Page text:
Neil Harman

Conor Niland lays off the black stuff to show he is made of right stuff

Neil Harman Tennis Correspondent,The Times, New York
August 29 2011

 

Missing a drop of the black stuff at the wedding of John Doran, the former Ireland Davis Cup player, in Manhattan on Saturday did not, for once, unduly concern Conor Niland, ranked No 199 in the world.

 

There will be plenty of time for celebration in a few days.

 

If Niland felt a bit of a wallflower as the party gathered momentum around him, the case for sobriety was overwhelming. For, having qualified for the US Open for the first time, a feat he accomplished at the All England Club in June, the mainstay of Ireland’s tennis was handed the match of his dreams, against Novak Djokovic, the the world No 1, Wimbledon champion and 2011 trailblazer.

 

These are the moments that make worthwhile the common downsides of playing this game professionally, chugging round the world for an ATP ranking point or two, taking on the chin the bitter first-round defeats in Challenger tournaments, frantically checking out of hotels and rebooking flights so as not to miss the signing in cut-off at the next event — essentially living from hand to mouth. It is a classic encounter of the haves against the has very little.

 

Unless the Nilands of this world endure, there is no professional tennis. Which is why the thought of him stepping out on Arthur Ashe Stadium in the next 48 hours is so very heartening. When he sank to his knees after middling a forehand return on the first match point of his final qualifying round victory over Matwe Middlekoop, of the Netherlands, on Friday, it was just as profound as Djokovic doing precisely the same when his dream was realised on Centre Court this year.

 

Niland may garner only a handful of games against the rampant Serb but it sure beats the hell out of going all the way to Penza in Russia for an ATP Challenger last month and having to retire after one set because his hips were hurting. Indeed, Niland has required cortisone injections in both hips in the past few months, deciding against the full-on surgery that would probably have meant an enforced retirement from the sport.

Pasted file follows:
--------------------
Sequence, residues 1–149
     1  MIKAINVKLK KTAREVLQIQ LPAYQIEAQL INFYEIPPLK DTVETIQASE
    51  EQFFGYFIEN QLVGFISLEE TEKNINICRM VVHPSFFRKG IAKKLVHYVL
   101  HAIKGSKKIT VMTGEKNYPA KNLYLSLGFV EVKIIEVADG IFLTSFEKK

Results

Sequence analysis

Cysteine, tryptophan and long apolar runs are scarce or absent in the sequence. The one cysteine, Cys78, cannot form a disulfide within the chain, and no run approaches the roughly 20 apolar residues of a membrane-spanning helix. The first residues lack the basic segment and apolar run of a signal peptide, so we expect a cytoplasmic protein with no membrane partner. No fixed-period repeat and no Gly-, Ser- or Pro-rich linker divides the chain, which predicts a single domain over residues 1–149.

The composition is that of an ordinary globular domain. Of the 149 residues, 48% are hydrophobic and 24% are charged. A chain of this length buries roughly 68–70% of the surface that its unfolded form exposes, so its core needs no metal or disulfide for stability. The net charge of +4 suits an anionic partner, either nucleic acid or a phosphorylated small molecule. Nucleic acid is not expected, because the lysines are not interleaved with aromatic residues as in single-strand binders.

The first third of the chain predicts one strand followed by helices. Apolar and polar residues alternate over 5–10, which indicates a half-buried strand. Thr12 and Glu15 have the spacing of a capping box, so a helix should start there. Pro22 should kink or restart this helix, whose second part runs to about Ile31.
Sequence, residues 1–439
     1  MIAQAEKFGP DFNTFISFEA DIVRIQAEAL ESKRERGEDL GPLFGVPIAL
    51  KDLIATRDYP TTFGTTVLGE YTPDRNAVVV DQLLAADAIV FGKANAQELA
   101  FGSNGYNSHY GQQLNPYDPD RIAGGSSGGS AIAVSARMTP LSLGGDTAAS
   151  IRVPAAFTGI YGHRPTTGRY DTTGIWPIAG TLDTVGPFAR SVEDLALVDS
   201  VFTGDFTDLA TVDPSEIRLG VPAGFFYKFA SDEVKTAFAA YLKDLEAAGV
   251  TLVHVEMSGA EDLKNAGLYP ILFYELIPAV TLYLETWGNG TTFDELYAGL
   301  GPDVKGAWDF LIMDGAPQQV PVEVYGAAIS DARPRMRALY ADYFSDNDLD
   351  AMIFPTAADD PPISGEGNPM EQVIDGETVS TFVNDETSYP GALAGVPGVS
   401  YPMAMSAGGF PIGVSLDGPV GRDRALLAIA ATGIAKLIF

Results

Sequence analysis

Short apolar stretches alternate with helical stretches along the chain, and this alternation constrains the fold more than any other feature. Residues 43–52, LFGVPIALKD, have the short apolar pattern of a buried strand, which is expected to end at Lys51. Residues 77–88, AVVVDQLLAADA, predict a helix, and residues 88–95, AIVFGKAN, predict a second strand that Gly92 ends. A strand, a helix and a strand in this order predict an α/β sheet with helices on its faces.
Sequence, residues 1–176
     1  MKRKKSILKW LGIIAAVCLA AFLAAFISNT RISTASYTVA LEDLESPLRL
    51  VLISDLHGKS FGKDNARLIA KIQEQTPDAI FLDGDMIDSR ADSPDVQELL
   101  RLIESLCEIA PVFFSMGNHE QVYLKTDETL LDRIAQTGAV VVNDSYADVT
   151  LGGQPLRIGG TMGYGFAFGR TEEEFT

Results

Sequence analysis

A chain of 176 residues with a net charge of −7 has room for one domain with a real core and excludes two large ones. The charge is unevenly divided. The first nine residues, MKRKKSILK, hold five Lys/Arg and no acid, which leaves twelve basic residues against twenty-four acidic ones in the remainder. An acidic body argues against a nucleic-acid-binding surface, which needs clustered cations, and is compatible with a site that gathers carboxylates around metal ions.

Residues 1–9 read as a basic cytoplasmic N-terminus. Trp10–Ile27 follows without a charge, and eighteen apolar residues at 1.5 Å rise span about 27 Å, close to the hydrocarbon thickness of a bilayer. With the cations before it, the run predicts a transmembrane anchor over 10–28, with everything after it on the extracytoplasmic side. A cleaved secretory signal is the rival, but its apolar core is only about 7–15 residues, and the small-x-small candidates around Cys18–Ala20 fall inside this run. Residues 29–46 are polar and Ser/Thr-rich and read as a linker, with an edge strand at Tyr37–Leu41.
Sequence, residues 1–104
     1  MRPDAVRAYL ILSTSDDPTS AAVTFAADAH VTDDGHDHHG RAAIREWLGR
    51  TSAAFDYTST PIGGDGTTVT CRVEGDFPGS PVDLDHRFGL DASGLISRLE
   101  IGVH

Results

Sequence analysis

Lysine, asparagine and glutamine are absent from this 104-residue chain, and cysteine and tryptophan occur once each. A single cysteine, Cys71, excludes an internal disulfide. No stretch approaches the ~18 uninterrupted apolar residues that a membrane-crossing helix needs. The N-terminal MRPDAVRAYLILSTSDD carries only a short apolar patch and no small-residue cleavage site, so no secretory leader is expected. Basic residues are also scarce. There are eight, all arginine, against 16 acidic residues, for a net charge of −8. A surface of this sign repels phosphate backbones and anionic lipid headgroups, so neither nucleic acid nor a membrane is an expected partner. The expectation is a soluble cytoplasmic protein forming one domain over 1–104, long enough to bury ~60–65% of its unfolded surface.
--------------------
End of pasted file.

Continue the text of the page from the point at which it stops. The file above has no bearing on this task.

“I don’t know if you noticed but in the first round at Wimbledon [he lost to Adrian Mannarino, of France, from 4-1 up in the fifth set] I wasn’t really walking straight,” he said. “It didn’t affect the way I played but I’d been on a lot of painkillers. I didn’t play or train that much after Wimbledon so my recent results have been pretty patchy. It’s funny but I was playing better last year and I didn’t qualify for the slams, and this year I’ve been able to peak at them.

 

“I’d always felt I was good enough to be in the main draw of slams, but it wasn’t happening, which was probably more a mental barrier to get over the line, to get used to being in that situation and being able to perform when it mattered in tough matches. Wimbledon definitely helped me in that respect, so I’m glad after all I didn’t get a wild card there.

 

Niland, of course, is relishing his meeting with Djokovic. “It’s a pretty great feeling,” he said. “It can be nerve-racking trying to get through [to a grand-slam event] because it is such a justification for what you do during the rest of the year. Hopefully I can break away from that. I can just go out against him and, hopefully, play relaxed.”

 

Andy Murray was among those pressing for Niland to be given a wild card into the Wimbledon championships, praising the indomitable work ethic of the 29-year-old, who was born opposite Edgbaston Priory in Birmingham but moved to Limerick when he was 3. “That was brilliant and showed tremendous respect for me from someone like Andy who I admire so much,” Niland said.

 

That Ireland is at present at the same Davis Cup level as Great Britain (Europe Africa Zone II) on a veritable funding pittance, speaks volumes for the likes of Niland and Louk Sorensen, who has joined him in the first round here and plays Robin Söderling, the No 5 seed from Sweden. At 29 and 26 years of age respectively, their spirited displays have left the cash-rich British game looking very wan by comparison.

 

There was one British man in qualifying, James Ward, who lost in the opening round and is already in Bangkok at his next tournament. From the women’s draw, Laura Robson successfully negotiated three qualifying rounds for the first time in her career, a substantial achievement, especially as she was asked to play on the No 4 Court here where she had blown her chances in the previous two years in the final round of qualifying.

 

It would be interesting to know how much has been invested in Robson at the age of 17 and how much in Niland as he approaches 30. It is a different world.